5. Sergio – I’m so glad you shared a bit of Bonnot’s background (which is quite interesting) and this particular story. I’d heard of his work but only just and haven’t read it. The premises seem really interesting but I know just what you mean about a book that goes on for too long and is too caught up in narrative and/or detail. And the resolution doesn’t quite seem my cuppa either. I may give it a go, but honestly, after your excellent review, I think I’ll wait a bit…

  6. John says:

    Add me to the crowd of readers who has never heard of this writer. This sounds like something that Fred Vargas would write up with that unusual French legend of a monster of southern France. I’ll have to track this one down even with the warning of a “damp squib” (love that phrase!) of an ending. I am disappointed to learn that the beast is not a monstrous flamingo. Wouldn’t that make for some pulpy fun? I visited the Camargue during migration season several years ago and never saw so many flamingos in one place. We have some very cool photos of a huge flock flying low over our rental car. We had to duck to get the shot! There are also those handsome wild horses running wild in the Camargue that might make for an interesting atmospheric addition or plot element for a crime novel set in sourthern France. Someone must’ve done it already.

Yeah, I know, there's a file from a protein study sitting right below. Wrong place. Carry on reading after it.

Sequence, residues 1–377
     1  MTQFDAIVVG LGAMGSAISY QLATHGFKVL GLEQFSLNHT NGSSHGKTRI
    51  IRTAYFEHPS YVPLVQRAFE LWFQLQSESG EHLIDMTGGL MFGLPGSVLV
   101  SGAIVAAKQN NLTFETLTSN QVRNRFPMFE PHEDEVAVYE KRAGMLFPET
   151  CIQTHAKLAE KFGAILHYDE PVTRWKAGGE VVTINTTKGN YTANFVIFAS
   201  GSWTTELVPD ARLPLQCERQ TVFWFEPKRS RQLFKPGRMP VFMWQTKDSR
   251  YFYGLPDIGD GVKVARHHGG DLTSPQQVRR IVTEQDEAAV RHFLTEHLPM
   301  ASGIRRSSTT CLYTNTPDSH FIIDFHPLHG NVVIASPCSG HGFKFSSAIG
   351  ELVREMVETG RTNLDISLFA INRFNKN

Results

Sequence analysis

• Love to know what you make of it John – and no, not a flamingo in sight sadly, but pretty darn scary all the same (though, in typical fashion, the ‘creature’ is kept off the page, which is an artistically valid approach but from a more purely atavistic standpoint it is a bit hard not to feel gypped …). What it kept reminding me of, mainly because of the location, is the Hammer thriller Maniac, which we chatted about nearly a year ago (doesn’t time fly when you are enjoying the fruits of fictional crime …).

      • John says:

        There I go again — repeating myself. I did think of that Hammer film when I saw the title of the book. Should’ve had the brains to check out my comment on the MANIAC page before I rehashed my memories of that fun trip to France.

        • John, it was a) a year ago, b) I need reminding at my age and c) it is very envy-making and I think you should be dining out on it on at least a monthly basis mate, no matter what the book review actually is!

  7. Todd Mason says:

    Hmm…I kinda see some thematic relation to another De Palma, too…SPIRAL/ENGRENAGE is coming to the US this month via the small public-broadcasting network MHz Worldview, which will stream it online (at least, most likely) for those with no MHz Wv affiliate handy…and did I miss mention of this? How is your French? Up to the reading level? (I see you’ve been reading the British bound editions in translation…)

    Thanks for the kind words on my post…and here’s the link to my review of NELSON ALGREN’S OWN BOOK OF LONESOME MONSTERS from 2009…http://socialistjazz.blogspot.com/2009/04/fridays-forgotten-books-nelson-algrens.html

    • Schoolboy French I’m afraid – I usually read it translated into Italian on the assumption the languages are much more similar though this ignores the role of the translator, which is pretty darn crucial! The first three series of Spiral have been screened here and are available on DVD – in many ways I prefer Braquom(slang for ‘heist’), a sort of Gallic version The Shield.